RESPIRE: Exploiting Information Technology to Reduce Morbidity and Mortality from Asthma, Chronic Obstructive Pulmonary Disease (COPD), Bacterial Pneumonia, Influenza and Respiratory Syncytial Virus (RSV) Infection in Low- and Middle-Income Countries (LMICs) The NIHR Global Health Research Unit on Respiratory Health (RESPIRE) at The University of Edinburgh is an NIHR Global Health Research Unit funded as part of the NIHR Global Health Research Programme in 2016/17. RESPIRE aims to reduce the impact and number of deaths caused by respiratory diseases in Asia in partnership with collaborators from 4 Asian countries – Bangladesh, India, Malaysia and Pakistan. Its main aims are to: Map and collate continuing and emerging respiratory challenges; Prioritise existing evidence-based interventions that have the potential to be adapted to reduce mortality/morbidity in the partner countries; Support local adaption/tailoring of interventions for deployment in low-resource environments and catalyse developmental work in areas of unmet need; Support local implementation efforts and evaluation of programmes of work; Identify the best delivery mechanisms for long-term delivery/scaling-up.
NESP: A Network for Studying Psychological Resilience in Low and Middle Income Countries (NESP)  A programme to enhance mental health training. Aims include identifying genetic and environmental risk factors associated with mental health and resilience and to create a platform for future large-scale genetic, epidemiological and multidisciplinary studies of mental ill health and resilience in low and middle income countries. 
NIHR global health research group on preterm birth and stillbirth at the University of Edinburgh (the DIPLOMATIC collaboration) The DIPLOMATIC Group vision is to reduce mortality of children under 5 years within 3 years, by reducing preterm birth and stillbirth and to optimise outcomes for babies born preterm. Focusing on low income countries (LIC) Malawi and Zambia, we will share existing knowledge on evidence based practices (EBP) used in high income countries (HIC) and use new trial designs to test in LIC the effectiveness of a collection of the best practices, and to evaluate how they are best implemented. A range of projects and research takes place across the University within maternal health, including those looking at the links between body mass index during pregnancy, short term morbidity and health service costs, the impact of development aid on maternal health outcomes and the biological effects of stress in utero.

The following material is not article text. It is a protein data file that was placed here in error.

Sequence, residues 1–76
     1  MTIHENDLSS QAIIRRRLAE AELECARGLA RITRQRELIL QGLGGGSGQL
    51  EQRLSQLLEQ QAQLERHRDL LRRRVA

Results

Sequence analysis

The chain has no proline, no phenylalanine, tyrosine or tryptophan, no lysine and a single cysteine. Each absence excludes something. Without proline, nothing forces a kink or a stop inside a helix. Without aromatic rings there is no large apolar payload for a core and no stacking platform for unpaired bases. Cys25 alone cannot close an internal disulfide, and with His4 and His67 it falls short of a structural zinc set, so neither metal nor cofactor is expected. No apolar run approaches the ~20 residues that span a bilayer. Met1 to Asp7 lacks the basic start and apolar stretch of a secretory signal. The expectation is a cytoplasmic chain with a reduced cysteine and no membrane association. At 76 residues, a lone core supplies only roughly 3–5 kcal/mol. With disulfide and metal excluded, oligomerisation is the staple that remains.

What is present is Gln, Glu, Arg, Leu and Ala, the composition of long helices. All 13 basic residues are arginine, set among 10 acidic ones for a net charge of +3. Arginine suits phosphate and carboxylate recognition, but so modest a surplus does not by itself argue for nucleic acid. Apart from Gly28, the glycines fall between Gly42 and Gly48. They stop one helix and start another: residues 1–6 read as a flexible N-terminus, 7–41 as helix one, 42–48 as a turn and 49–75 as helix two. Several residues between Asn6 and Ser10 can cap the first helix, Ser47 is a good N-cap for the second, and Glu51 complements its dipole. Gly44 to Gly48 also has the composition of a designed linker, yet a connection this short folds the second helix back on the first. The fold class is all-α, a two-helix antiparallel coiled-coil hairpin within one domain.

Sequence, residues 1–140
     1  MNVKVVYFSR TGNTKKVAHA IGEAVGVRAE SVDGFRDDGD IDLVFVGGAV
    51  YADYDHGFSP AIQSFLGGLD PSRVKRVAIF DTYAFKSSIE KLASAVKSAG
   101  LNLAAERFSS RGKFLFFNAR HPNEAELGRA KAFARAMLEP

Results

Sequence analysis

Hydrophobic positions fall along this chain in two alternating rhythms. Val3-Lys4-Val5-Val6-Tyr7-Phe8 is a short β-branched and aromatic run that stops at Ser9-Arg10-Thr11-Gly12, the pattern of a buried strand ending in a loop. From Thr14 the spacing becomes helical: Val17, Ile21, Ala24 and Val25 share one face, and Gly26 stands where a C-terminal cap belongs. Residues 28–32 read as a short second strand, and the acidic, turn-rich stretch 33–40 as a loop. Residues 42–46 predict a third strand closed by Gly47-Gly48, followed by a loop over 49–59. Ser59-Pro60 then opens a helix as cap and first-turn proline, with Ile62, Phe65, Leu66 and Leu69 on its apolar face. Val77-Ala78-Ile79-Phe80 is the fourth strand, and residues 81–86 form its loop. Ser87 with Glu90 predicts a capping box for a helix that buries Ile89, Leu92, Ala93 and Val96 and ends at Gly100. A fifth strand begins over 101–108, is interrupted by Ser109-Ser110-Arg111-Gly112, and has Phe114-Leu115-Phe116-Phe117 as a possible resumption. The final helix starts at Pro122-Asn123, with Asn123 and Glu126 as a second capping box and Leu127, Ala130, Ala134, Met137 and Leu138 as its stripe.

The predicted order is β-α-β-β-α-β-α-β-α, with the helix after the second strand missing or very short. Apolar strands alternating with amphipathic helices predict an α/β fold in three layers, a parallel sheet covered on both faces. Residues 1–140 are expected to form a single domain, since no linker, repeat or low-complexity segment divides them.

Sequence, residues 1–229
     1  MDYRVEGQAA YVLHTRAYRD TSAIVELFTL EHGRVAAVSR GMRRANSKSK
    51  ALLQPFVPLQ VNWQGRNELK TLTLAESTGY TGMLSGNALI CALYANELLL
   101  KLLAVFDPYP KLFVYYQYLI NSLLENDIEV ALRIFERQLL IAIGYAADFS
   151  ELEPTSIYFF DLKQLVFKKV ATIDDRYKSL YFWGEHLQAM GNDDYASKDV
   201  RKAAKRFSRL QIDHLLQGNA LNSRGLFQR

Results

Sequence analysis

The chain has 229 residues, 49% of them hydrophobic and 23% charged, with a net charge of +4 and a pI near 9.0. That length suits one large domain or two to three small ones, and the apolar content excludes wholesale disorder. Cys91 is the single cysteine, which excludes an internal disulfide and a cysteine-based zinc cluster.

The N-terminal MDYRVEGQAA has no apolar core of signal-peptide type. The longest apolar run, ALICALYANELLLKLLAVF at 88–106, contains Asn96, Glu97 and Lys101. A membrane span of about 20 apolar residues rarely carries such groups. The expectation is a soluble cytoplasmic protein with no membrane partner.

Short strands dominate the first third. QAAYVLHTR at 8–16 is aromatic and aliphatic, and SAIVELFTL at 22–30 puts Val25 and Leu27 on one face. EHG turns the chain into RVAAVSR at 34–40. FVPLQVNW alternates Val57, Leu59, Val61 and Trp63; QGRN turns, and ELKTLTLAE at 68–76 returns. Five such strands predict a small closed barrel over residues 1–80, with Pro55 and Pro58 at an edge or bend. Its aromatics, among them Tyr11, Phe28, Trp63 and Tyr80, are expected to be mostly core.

Global Surgery Research unit  – NIHR multi country surgical initiatives  The GlobalSurg Collaborative ( aims to improve surgical care worldwide. By directly involving junior clinicians, often through social media, the we have utilised technology to gather prospective patient-level data internationally. The first study examines emergency abdominal surgery to identify universal processes associated with best outcome. Data collection will finish at the end of January 2015, paving the way to a future randomised clinical trial.  
Palliative Care needs in Refugee Settings: Case study Adjumani, Uganda  Using Rapid Systems Appraisal (RSA) a research team reviewed all documentation relevant to chronic disease, palliative care and refugee experience, mapped the roles of all key stakeholders, interviewed leaders in the refugee and host community, the Ministry of Health, Peace Hospice, and local Refugee Agencies. Interviews were conducted with those living with chronic disease, PC team members, and those who refer or interact with PC alongside observations of palliative care and chronic disease management in practice. 
Family Medicine: An Innovative Partnership A variety of projects aimed at advancing clinical capacity at a primary care level. This includes a new University of Edinburgh Masters in Family Medicine and also supporting research into the challenges and opportunities that exist in family medicine practice. 




Useful links



How we approach Global Research

The principles and approaches underpinning global and planetary health research at the University of Edinburgh.

Global Health Research Themes

Seven thematic areas of global and planetary health activity at the University.